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Interviews


“I know nothing about politics”  – Maj. Gen. Janaka Perera

Major General Janaka Perera who led several successful battles against the LTTE in the past, has again come to the limelight after the main opposition United National Party requested President Mahinda Rajapaksa to appoint him Defence Secretary. Major General Perera retired as Army Chief of Staff and served as the Sri Lankan Ambassador in Australia and Indonesia. Also, there is speculation of a move to bring this battle hardened military officer to politics through the UNP. Speaking to our sister paper Rivira, Major General Perera recalled some of the operations he led and the difficulties he had to encounter while trying to battle the LTTE, often times, without the help of properly trained soldiers or sufficient weaponry. Here are some excerpts of his battlefield experiences:

By Tissa Ravindra Perera
My fellow officers in the army, navy, air force and the police, who fought valiantly in the battle field, deserve the honour of my popularity. I was able to command recognition among the armed forces by fighting with a sense of responsibility for the lives of the soldiers who were our assets and achieving many victories in the battlefield. We were victorious at Weli Oya, without the support of the Special Forces.
Operation Riviresa
Jaffna was, and still is, one of the main targets of the LTTE and a strategically important city in the north. I was among the officers who commanded the forces during the Riviresa Operation in 1995. When Jaffna was about to fall to LTTE hands in 2000, the forces under my command saved Jaffna. Prior to Riviresa Operation, General Daluwatta and General Weerasuriya launched Operation Leap Forward, on June 7, 1995. The forces retreated in the battle. This enhanced the morale of the LTTE, while our forces were under the impression that the LTTE was stronger. On July 27, the LTTE launched a massive onslaught to destroy the entire Weli Oya area.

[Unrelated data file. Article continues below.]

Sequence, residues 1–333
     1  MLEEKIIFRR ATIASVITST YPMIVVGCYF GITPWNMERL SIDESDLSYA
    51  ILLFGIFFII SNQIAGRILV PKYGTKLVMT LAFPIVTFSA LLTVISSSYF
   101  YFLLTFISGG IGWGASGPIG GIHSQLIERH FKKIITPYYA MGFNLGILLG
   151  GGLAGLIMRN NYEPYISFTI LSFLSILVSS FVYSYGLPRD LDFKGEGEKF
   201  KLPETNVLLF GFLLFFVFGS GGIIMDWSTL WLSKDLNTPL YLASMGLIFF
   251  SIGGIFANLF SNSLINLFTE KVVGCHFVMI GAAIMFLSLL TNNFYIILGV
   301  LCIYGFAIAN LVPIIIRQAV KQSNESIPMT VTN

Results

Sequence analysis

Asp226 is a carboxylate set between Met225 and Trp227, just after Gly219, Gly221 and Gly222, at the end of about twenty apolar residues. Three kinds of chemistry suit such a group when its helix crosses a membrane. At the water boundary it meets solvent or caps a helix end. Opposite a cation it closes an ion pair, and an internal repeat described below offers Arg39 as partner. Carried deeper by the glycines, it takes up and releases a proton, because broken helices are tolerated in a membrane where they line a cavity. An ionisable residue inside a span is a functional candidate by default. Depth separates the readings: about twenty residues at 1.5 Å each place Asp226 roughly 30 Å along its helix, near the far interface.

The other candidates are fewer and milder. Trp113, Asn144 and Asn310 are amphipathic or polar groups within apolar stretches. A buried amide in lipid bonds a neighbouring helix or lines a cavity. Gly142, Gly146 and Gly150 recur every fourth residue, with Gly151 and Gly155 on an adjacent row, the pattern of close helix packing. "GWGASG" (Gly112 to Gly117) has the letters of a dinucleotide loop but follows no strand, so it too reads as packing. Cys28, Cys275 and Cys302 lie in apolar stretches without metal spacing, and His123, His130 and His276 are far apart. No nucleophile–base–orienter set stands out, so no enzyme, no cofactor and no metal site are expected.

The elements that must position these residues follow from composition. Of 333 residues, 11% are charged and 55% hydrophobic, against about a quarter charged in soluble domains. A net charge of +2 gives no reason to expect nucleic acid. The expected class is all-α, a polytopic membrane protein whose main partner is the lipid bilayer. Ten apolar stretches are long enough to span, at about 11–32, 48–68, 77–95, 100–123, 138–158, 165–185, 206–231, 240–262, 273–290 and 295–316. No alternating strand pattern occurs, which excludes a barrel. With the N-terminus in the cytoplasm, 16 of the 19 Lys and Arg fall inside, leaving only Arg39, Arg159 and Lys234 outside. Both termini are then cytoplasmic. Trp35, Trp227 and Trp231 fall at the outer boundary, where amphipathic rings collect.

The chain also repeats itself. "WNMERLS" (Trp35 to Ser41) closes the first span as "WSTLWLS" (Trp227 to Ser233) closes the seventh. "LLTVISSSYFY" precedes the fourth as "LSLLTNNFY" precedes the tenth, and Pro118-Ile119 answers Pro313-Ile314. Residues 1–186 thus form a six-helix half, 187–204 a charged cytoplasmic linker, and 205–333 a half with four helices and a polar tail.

However, my soldiers, with the help of the navy and the air force, thwarted the LTTE’s attempt. I commanded them as Weli Oya Brigade Commander. Around 503 LTTE cadres were killed in the confrontation. We lost only two soldiers. It was of significance that the forces under me comprised Home Guards, Engineering and Light Infantry units. However, when I asked for Special Forces, they told me that the LTTE will attack either Elephant Pass or Poonaryn and not Weli Oya. The Army Commander and the Chief of Intelligence was under the impression that it was a false pretext of Janaka Perera, despite reasons to believe that Weli Oya was endangered. However, they refused to send the Special Forces.